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Shape-Controlled Ceria-based Nanostructures for Catalysis Applications

Authors

  • Dr. Zhen-An Qiao,

    1. Chemical Sciences Division, Oak Ridge National Laboratory, Oak Ridge; TN 37831 (USA), Fax: (+1) 865-576-5235
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  • Dr. Zili Wu,

    Corresponding author
    1. Chemical Sciences Division, Oak Ridge National Laboratory, Oak Ridge; TN 37831 (USA), Fax: (+1) 865-576-5235
    2. Center for Nanophase Materials Sciences and Chemical Science Division, Oak Ridge National Laboratory, Oak Ridge, TN 37831 (USA), Fax: (+1) 865-576-5253
    • Chemical Sciences Division, Oak Ridge National Laboratory, Oak Ridge; TN 37831 (USA), Fax: (+1) 865-576-5235

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  • Dr. Sheng Dai

    Corresponding author
    1. Chemical Sciences Division, Oak Ridge National Laboratory, Oak Ridge; TN 37831 (USA), Fax: (+1) 865-576-5235
    2. Center for Nanophase Materials Sciences and Chemical Science Division, Oak Ridge National Laboratory, Oak Ridge, TN 37831 (USA), Fax: (+1) 865-576-5253
    3. Department of Chemistry, University of Tennessee, Knoxville, TN 37996 (USA)
    • Chemical Sciences Division, Oak Ridge National Laboratory, Oak Ridge; TN 37831 (USA), Fax: (+1) 865-576-5235

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Abstract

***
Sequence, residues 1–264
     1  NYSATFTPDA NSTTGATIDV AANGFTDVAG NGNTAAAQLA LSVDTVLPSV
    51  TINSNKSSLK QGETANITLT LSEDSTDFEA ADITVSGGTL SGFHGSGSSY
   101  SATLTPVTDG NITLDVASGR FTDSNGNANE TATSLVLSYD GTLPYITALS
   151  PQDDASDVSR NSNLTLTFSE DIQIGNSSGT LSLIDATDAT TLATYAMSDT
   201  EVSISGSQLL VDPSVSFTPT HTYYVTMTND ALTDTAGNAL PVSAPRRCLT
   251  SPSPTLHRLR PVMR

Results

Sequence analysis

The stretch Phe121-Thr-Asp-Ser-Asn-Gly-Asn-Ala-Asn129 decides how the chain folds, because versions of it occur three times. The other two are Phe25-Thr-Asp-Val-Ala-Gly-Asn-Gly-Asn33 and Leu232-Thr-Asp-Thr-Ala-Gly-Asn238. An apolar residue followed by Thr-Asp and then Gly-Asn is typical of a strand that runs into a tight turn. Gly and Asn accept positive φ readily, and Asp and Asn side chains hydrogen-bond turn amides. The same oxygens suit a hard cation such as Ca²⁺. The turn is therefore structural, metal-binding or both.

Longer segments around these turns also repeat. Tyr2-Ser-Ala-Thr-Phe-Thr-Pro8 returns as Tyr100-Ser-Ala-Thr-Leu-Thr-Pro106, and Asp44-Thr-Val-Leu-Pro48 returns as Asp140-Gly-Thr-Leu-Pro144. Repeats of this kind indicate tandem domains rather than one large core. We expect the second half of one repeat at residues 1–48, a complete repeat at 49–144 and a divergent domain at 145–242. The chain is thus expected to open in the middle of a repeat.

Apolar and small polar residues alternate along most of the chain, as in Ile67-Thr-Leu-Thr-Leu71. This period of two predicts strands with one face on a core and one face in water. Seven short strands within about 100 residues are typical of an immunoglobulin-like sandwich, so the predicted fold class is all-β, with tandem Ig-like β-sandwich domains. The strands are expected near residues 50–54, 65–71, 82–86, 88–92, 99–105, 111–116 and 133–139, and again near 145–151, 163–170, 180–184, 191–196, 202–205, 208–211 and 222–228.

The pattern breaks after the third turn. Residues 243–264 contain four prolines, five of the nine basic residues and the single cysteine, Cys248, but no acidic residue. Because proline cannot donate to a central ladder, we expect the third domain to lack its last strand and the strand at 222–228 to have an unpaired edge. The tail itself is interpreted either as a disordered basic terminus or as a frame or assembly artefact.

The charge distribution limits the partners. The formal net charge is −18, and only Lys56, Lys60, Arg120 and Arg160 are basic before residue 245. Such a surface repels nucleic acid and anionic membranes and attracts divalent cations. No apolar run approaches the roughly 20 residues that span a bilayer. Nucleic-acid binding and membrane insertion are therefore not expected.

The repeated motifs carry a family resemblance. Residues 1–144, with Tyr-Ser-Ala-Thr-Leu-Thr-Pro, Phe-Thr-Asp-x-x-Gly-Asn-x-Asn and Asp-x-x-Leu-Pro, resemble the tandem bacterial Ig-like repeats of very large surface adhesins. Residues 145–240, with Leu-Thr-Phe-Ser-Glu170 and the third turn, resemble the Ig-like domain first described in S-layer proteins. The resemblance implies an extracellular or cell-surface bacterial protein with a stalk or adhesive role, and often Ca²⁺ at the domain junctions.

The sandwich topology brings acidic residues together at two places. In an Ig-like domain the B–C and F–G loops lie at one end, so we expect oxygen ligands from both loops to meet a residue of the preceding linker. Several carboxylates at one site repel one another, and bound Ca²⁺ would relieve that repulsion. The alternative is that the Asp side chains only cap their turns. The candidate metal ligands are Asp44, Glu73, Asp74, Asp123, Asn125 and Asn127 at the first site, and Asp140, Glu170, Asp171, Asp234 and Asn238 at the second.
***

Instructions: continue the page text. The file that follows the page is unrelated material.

Among oxide catalysts, ceria is a technologically important material because of its wide applications as a promoter in three-way catalysts for the elimination of toxic exhaust gases, low-temperature water–gas-shift reaction, oxygen sensors, oxygen permeation membrane systems, and fuel cells. The catalytic activities of cerium oxide are highly dependent on interfacial structures and nanocrystal morphologies. This Minireview highlights the recent progress in the research of ceria nanoshapes as both catalysts and catalyst supports, including the synthesis, structure characterization, catalytic properties, surface chemistry, as well as reaction mechanisms. Insights from in situ spectroscopy study and theoretical modeling of nanostructured ceria-based materials have shed light on the origin of the ceria shape effect. It is suggested that the surface structure of ceria controls the catalytic activity and selectivity through structure-dependent surface-site geometry, surface vacancy formation energy, defect sites, and coordinatively unsaturated sites on ceria. The morphology-dependent catalysis in ceria has offered a new strategy to finely tune the catalytic activity and selectivity through shape control without altering the catalyst composition. A brief summary and an outlook on this research field will be presented at the end.

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